In 1990, my mother, a celebrated composer from St. Petersburg, won a competition to perform her music at the Kremlin. A few nights later, she got a phone call: “Jew, if you sing in our Kremlin, we’ll murder you and your children.” I was 10. A short while later, I was playing basketball with friends when a group of young-adult thugs came over and beat me bloody. “Tell your mother we say hi,” they taunted me as they left.
That was the moment my family decided it was time to get out of the Soviet Union, a place where Jews were both openly persecuted by the government and where day-to-day antisemitism was condoned. We knew our future could be secure only in a place where the rights of the Jewish people were protected like anyone else’s. A place where Jews would be respected for their faith and who they are, not attacked for it.
This search led our family to Israel, after illegally fleeing the Soviet Union by way of Helsinki. Two years ago, together with my family, I relocated to the United States. While this move was in order to accept a position as a rabbi and teacher at the Chabad-Lubavitch Shaloh House Jewish Day School in Brighton, it was a continuation of our dream back in Russia: to live, teach, and share Judaism with my fellow Jews in safety and freedom.
I believed in America’s promise — and that hasn’t changed one iota.
On July 1, I stepped out of Shaloh House to take a phone call. It was loud inside the building, where some 100 Jewish children were enjoying another day of fun and learning at our Camp Gan Israel, an experience in Jewish pride. I sat down in front of the building where it was quieter.
As I spoke on the phone, a man I didn’t recognize walked up to me and produced a gun. He demanded I take him to my car, parked nearby. I immediately offered him the keys to my minivan — not something worth dying for — but then he tried to force me inside. I had cash and credit cards in my pockets and a phone in my hand, but he didn’t want them.
I realized this wasn’t a simple carjacking. If he wanted my vehicle, why did he need me to come along? I knew that if I got in, I might never see my wife and 12 children again.
The next thought that crossed my mind was of all the young campers inside Shaloh House. When a person walked by, my assailant quickly hid his gun. I took advantage of his momentary distraction and made a mad dash across the street and away from my synagogue. If he’d catch up to me, I remember thinking, at least the children would be safe.
The stranger pulled out a knife and followed me, swinging and thrusting his knife at and into me again and again and again. I saw hatred in his eyes, and realized that this man would not be satisfied until his weapon found my heart. I started kicking him and tried deflecting his arm with mine. His blade struck me around my shoulder, arm, and ribs about eight times.
At the same time, I started making a commotion to call attention to the attack, and my assailant finally fled.
Since that day, I believe that the young man who tried killing me in broad daylight in front of the giant menorah outside a synagogue in Boston was motivated not by theft, but by hate. Hate for the Jews as individuals, hate for us as a people. He had loitered outside the synagogue the day before, acting so suspicious that a bystander took a photo of him. He has since been charged with hate crimes for his vicious attack that day.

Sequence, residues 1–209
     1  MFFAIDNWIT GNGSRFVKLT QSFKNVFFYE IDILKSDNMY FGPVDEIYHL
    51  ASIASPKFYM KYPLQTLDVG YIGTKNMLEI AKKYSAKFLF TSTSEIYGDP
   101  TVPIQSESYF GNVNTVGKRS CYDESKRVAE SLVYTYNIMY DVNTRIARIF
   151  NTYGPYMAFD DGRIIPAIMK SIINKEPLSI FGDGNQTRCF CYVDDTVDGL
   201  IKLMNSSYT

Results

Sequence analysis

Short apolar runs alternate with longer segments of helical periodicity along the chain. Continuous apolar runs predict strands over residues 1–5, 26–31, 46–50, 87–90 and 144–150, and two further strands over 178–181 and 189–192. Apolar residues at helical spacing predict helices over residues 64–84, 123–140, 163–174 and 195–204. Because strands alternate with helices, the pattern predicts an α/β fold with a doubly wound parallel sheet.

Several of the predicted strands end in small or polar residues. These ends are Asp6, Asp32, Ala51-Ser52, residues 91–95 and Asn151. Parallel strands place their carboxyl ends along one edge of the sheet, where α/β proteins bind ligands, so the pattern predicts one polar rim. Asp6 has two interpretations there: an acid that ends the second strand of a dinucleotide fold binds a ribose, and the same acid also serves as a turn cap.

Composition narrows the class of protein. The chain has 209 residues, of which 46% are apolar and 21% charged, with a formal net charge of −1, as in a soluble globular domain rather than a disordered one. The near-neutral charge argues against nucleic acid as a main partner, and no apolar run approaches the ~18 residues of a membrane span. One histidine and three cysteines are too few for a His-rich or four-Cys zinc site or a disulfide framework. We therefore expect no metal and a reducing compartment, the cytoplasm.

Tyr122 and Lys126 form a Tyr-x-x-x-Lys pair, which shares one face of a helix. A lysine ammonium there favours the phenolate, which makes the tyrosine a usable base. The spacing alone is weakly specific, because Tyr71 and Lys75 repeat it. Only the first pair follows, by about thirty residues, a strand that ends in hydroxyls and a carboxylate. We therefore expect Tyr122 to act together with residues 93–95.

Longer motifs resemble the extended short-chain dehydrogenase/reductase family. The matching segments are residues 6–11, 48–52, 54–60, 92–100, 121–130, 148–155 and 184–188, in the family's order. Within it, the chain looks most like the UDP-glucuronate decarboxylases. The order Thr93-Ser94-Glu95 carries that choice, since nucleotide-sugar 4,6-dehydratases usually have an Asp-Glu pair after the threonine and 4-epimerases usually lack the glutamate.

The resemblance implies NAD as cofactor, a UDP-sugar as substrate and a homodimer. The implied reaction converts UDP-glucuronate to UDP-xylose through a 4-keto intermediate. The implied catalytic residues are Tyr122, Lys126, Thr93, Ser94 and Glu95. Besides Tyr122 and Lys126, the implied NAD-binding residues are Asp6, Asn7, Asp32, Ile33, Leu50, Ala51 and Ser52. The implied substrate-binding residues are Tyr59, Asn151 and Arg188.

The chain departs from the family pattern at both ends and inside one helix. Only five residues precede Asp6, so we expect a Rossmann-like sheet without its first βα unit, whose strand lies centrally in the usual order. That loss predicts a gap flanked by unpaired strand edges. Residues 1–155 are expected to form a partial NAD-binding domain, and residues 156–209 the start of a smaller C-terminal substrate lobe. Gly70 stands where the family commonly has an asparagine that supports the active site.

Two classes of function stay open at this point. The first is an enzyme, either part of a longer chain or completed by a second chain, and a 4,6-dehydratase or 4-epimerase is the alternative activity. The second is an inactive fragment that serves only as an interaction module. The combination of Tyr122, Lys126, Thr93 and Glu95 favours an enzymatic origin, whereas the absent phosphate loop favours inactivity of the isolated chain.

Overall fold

He had planned for this. He had armed himself. But he missed something crucial about our matchup. He had a gun, a knife, and venom in his heart. I had my bare hands, a background in martial arts, and, most important, faith.
When I saw that gun pointed at me, something else flashed through my mind. It was the story of the Sixth Lubavitcher Rebbe, Rabbi Yosef Yitzchak Schneersohn, who was arrested by the Communists in 1927 for the “crime” of sustaining Jewish life in the Soviet Union. During brutal interrogations, an investigator pointed a revolver at him and said: “This little toy has made many a man change his mind.” The Sixth Rebbe replied: “That little toy can intimidate only the kind of man who has many gods, and but one world — this world. Because I have only one God and two worlds, I am not impressed by your little toy.”
It was a story I had heard countless times. Now I was facing that barrel myself.
The Soviets sentenced the Sixth Rebbe to death before ultimately releasing him and allowing him to leave Russia. In 1940, he escaped war-torn Europe and arrived on American shores, where he set about reestablishing the center of the Chabad-Lubavitch movement amid this country’s promise of freedom and foundation upon trust in God.
Building on this foundation, his successor as Rebbe, Rabbi Menachem M. Schneerson, launched a global campaign to engage Jews from all backgrounds wherever they may be. It was at Schneerson’s direction that Shaloh House was established in 1962.
America is a haven for all, and it’s up to each of us to keep it that way. We cannot allow attacks on our faith to cow us into hiding our Judaism. And we’re not.
I am determined now, more than ever, to continue living my life as a proud Jew and encouraging and teaching my fellow Jews to do the same. I have committed to opening a new Jewish educational center in Brighton, where I will be ordaining eight new rabbis.
In the days since I was stabbed, I have likewise been heartened by the countless messages I’ve received from people expressing their conviction that this attack will not dampen their Jewish pride, learning, or practice. This is the attitude we all need.
I am proud to live in this country, one in which trust in God is on the currency. It is trust in God that enabled me to survive this attack, and it is trust in God that empowers us to uphold America’s promise of freedom and liberty for all.
Rabbi Shlomo Noginski is a Chabad-Lubavitch rabbi serving at Shaloh House in Brighton.